Cleavage mechanism of the aliphatic C–C bond catalyzed by 2,4′-dihydroxyacetophenone dioxygenase from Alcaligenes sp. 4HAP: a QM/MM study

Catalysis Science & Technology
2,4′-Dihydroxyacetophenone dioxygenase (DAD) is a bacterial non-heme enzyme responsible for the oxygenative cleavage of the aliphatic C–C bond, which catalyzes the conversion of 2,4′-dihydroxyacetophenone to 4-hydroxybenzoic acid and formic acid. On the basis of the crystal structure and studies on two synthesized biomimetic model compounds, two possible reaction pathways that involve a dioxacyclic or alkylperoxo intermediate have been previously suggested. However, little is currently known about the mechanistic detail and the proposed intermediates have not been experimentally confirmed yet. To elucidate the reaction mechanism at the atomistic level, on the basis of the recently obtained crystal structure, the reactant enzyme–substrate complex has been constructed, and the reaction details have been studied using a quantum mechanics/molecular mechanics (QM/MM) approach. Our calculations reveal the triplet of the iron(III)-superoxide radical complex as the...  Read more

Atomic Adsorption on Nitrogenated Holey Graphene

The Journal of Physical Chemistry C
Two-dimensional (2D) crystals with C2N stoichiometry have recently been synthesized. This novel material, dubbed nitrogenated holey graphene (NHG), is a semiconductor unlike pristine graphene. For any novel material, it is fundamental to understand the behaviors of different adatoms on its surface, a process responsible for a rich phenomenology. In this work, we employed first-principles calculations and a hybrid quantum mechanics/molecular mechanics method to investigate the adsorption of H, B, and O on NHG sheets. The adsorption of H atoms could prove important for applications in hydrogen storage and gas sensors, whereas the adsorption of O in any new material is important to understand its oxidation process. Both N and B are common dopants in carbon-based systems, such as in BNC structures. We found that H and B prefer to adsorb on top of a nitrogen atom, whereas O prefers to adsorb on top of a carbon–carbon bond. The electronic structure of NHG also changes as a...  Read more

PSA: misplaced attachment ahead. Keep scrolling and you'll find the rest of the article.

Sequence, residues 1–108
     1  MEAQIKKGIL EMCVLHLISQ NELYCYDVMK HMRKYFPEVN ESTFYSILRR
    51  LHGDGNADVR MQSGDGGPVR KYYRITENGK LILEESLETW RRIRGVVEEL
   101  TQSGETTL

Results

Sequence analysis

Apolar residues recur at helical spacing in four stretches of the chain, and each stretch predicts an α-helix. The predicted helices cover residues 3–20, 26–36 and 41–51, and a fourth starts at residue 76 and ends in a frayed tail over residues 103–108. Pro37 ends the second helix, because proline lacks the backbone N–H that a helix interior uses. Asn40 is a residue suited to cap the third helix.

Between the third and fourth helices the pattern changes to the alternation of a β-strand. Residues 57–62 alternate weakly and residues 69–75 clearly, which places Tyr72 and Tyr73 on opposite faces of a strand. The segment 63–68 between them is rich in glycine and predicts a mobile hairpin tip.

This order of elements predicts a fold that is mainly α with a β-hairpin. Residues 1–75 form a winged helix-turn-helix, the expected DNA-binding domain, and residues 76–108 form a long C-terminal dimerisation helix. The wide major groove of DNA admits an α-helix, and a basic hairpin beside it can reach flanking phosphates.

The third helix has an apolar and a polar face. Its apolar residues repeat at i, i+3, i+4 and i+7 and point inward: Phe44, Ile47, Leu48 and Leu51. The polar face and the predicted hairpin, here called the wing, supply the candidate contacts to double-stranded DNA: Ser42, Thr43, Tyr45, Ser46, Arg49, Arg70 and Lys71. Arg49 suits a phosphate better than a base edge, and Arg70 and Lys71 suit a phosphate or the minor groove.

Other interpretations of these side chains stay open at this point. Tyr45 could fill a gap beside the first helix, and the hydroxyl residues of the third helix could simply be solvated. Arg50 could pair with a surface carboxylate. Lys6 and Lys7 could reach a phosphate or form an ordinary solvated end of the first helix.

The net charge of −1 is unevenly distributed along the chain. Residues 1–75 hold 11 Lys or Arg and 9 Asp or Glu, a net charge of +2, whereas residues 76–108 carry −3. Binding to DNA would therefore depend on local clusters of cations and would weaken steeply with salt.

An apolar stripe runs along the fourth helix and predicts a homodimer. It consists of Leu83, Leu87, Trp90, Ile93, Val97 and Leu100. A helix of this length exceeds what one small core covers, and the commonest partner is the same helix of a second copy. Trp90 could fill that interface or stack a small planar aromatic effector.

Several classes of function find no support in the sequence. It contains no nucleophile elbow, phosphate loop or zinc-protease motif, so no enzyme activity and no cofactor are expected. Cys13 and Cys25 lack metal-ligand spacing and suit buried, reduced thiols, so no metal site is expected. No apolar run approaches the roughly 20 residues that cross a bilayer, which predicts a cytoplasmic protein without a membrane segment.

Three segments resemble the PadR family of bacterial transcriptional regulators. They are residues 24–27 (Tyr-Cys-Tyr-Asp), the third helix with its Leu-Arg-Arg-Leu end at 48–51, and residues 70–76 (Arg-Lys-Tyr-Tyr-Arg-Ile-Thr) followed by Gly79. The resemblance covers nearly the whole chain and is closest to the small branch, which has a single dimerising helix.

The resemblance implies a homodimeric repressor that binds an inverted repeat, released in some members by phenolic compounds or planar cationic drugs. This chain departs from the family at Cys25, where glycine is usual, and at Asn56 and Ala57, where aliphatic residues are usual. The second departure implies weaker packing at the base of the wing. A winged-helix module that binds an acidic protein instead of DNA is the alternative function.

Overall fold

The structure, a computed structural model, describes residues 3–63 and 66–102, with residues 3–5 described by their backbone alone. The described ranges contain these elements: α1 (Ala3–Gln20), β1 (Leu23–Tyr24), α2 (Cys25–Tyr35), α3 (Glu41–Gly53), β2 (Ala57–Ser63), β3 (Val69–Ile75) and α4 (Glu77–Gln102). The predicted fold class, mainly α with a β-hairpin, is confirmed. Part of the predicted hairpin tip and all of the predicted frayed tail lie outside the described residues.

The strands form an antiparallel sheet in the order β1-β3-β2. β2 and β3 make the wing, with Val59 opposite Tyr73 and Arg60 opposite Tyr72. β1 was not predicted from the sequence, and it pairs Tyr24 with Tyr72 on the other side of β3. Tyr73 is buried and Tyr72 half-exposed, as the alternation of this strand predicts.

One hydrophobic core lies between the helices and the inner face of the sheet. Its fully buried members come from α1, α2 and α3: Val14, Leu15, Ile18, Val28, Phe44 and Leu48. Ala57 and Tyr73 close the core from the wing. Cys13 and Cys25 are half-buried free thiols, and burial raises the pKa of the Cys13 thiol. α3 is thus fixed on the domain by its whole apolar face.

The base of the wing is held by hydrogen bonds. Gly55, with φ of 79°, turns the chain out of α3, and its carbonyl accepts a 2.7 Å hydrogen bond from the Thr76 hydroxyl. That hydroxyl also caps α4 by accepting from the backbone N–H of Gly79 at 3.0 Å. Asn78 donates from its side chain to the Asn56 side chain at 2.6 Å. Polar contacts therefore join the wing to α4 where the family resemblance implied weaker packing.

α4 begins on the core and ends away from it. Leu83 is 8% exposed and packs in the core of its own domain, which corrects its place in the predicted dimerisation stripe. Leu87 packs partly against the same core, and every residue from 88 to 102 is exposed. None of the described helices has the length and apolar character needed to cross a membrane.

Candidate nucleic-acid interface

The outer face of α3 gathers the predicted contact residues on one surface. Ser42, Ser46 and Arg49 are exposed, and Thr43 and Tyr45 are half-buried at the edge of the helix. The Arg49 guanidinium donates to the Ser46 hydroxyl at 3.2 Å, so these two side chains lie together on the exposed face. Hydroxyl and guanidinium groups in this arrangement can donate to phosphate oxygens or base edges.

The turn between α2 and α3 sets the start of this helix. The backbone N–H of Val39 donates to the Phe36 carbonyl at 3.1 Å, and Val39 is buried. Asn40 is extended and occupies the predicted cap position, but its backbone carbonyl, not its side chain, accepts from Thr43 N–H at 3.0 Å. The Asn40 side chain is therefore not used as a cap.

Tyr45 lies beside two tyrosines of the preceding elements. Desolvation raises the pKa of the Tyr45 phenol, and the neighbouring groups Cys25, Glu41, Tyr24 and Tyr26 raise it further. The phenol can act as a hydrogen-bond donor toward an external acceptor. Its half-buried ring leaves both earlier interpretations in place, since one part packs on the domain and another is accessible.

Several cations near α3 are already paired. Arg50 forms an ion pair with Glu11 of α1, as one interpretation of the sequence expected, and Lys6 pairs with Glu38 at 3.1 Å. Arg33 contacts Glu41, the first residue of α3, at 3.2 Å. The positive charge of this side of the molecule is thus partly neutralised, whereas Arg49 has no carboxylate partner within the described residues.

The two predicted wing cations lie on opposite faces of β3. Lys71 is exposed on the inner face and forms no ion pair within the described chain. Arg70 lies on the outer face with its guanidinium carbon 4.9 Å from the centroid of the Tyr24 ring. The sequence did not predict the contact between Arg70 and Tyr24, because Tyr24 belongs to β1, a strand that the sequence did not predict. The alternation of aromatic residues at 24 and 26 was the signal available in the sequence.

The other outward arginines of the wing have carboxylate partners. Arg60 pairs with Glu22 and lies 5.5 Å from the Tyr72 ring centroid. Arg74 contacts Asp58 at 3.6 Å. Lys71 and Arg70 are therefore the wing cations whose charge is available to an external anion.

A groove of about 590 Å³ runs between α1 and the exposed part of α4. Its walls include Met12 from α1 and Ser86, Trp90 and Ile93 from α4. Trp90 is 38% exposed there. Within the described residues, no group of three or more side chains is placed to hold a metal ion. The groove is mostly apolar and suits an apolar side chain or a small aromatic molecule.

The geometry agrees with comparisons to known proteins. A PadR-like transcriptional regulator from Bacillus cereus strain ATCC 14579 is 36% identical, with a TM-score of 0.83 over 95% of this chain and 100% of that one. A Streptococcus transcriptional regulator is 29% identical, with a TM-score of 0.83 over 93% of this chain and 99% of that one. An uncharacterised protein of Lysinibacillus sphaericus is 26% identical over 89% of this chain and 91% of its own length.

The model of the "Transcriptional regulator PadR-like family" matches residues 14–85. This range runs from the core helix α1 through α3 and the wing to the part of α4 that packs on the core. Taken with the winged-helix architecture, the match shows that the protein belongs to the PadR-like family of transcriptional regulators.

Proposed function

An Estimation of Hybrid Quantum Mechanical Molecular Mechanical Polarization Energies for Small Molecules Using Polarizable Force-Field Approaches

Journal of Chemical Theory and Computation
In this work, we report two polarizable molecular mechanics (polMM) force field models for estimating the polarization energy in hybrid quantum mechanical molecular mechanical (QM/MM) calculations. These two models, named the potential of atomic charges (PAC) and potential of atomic dipoles (PAD), are formulated from the ab initio quantum mechanical (QM) response kernels for the prediction of the QM density response to an external molecular mechanical (MM) environment (as described by external point charges). The PAC model is similar to fluctuating charge (FQ) models because the energy depends on external electrostatic potential values at QM atomic sites; the PAD energy depends on external electrostatic field values at QM atomic sites, resembling induced dipole (ID) models. To demonstrate their uses, we apply the PAC and PAD models to 12 small molecules, which are solvated by TIP3P water. The PAC model reproduces the QM/MM polarization energy with a R2 value...  Read more